Thursday, July 23, 2009

precisely two weeks

It is two weeks until I get on a plane and go to Europe for two months. I have been furiously studying and writing up until today, trying to finish a miniature version of my thesis for my supervisors before I go - and suddenly, there are no more major hurdles to cross before I go. It's frightening.

Because I'm a history geek, I thought I would share with you some places that I am DETERMINED to visit.

Krakow, Wieliczka salt mines, where salt has been produced since the 13th century. The miners themselves sculpted these salt figures around the mine. COOL.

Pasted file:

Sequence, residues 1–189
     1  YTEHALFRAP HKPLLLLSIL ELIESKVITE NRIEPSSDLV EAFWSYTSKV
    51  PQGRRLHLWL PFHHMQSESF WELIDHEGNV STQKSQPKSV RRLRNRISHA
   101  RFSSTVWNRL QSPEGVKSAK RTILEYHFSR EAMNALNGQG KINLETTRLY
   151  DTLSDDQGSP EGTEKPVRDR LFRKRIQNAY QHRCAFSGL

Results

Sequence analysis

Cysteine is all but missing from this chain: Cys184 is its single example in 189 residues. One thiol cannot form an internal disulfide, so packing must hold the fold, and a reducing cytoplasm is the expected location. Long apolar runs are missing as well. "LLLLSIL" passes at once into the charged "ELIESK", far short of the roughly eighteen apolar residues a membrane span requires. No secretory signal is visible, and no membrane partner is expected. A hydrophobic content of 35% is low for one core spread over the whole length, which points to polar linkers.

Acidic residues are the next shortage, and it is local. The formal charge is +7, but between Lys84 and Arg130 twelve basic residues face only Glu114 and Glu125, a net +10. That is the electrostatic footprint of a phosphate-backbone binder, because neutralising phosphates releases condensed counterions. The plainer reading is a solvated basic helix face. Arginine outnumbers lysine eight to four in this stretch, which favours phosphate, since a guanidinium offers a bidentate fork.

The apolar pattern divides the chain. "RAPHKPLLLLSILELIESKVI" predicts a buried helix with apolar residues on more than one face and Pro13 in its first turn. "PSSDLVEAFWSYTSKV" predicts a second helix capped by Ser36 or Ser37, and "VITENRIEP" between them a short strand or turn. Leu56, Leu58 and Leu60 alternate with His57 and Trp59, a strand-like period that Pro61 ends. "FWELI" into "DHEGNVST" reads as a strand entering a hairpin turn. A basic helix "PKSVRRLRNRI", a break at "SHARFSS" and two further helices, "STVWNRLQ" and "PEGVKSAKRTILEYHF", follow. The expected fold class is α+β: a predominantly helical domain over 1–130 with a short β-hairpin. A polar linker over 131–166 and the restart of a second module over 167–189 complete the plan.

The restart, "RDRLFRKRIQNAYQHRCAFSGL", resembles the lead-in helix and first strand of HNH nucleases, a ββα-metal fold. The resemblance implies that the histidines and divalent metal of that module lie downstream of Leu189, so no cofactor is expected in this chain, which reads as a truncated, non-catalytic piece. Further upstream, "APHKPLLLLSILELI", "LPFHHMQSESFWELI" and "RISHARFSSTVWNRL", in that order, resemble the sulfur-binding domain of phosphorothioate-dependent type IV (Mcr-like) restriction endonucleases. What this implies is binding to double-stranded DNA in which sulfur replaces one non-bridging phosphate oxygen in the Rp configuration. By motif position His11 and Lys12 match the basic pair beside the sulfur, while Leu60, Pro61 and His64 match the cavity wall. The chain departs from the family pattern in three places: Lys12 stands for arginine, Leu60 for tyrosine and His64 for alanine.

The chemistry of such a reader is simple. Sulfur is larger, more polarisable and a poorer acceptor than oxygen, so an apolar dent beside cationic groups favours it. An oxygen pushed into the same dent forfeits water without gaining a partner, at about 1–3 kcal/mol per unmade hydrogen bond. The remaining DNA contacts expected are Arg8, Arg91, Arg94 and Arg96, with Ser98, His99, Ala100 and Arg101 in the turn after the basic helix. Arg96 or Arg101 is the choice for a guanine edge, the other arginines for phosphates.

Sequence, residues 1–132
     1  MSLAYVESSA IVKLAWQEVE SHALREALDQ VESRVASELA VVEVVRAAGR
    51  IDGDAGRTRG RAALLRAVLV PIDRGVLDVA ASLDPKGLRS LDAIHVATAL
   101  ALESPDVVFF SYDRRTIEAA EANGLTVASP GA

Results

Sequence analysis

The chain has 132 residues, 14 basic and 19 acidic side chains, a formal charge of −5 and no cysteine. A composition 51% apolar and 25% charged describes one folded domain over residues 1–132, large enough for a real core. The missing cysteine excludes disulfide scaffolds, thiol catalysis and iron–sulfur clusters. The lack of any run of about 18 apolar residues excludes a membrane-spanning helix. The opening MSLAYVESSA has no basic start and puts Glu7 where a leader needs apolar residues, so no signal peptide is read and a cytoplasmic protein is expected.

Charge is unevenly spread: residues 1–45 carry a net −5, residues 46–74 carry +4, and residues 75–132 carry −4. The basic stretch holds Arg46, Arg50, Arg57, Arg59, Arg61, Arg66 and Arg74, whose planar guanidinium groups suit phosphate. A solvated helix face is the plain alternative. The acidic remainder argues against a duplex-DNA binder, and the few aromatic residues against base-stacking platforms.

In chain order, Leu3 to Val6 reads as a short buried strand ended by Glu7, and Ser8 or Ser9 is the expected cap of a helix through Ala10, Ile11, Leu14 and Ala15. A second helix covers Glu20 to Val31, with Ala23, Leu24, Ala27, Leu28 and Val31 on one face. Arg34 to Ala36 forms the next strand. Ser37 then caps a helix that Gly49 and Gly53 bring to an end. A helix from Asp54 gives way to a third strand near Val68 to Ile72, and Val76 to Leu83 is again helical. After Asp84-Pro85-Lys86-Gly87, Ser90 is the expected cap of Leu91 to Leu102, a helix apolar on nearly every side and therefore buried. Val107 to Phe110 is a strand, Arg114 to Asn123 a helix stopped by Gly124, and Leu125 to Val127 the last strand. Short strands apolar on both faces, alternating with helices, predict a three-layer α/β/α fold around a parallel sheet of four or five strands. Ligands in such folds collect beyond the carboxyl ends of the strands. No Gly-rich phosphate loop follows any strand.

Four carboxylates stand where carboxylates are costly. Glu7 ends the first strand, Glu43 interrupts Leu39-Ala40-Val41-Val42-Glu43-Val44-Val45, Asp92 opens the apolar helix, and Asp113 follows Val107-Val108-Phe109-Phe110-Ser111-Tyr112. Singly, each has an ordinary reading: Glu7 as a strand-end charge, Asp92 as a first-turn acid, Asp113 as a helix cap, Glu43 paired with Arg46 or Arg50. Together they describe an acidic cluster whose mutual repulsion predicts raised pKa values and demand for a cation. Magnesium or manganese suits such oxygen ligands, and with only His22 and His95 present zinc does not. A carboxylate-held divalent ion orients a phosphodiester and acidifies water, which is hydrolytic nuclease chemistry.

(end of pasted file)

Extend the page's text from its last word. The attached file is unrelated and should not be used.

An abbey somewhere in England. This one is Rievaulx Abbey, but I'm happy with any, really. This will only happen if, at the end of my trip, I have enough money for it.

Tower of London. Everyone who's been there who I've talked to has said it's not all it's cracked up to be. And still, I want to see it. Gruesomely enough, I just think it would be amazing to stand in the place where Anne Boleyn lost her head, or where Elizabeth I was imprisoned.

Budapest, Statue Park, where the Soviet-era statues are kept.

And because I'm a history geek with a particular interest in Marxism: Karl Marx's grave, Highgate Cemetery, London. Actually I'm planning on visiting a whole heap of cemeteries in London.

Jane Austen's grave, Winchester Cathedral. Self-explanatorily cool.

The Church of Bones, Kutna Hora, Czech Republic. Since I have a taste for the grotesque, how could I NOT visit a church that is decorated with human skeletons, some from the Black Death or the Hussite Wars?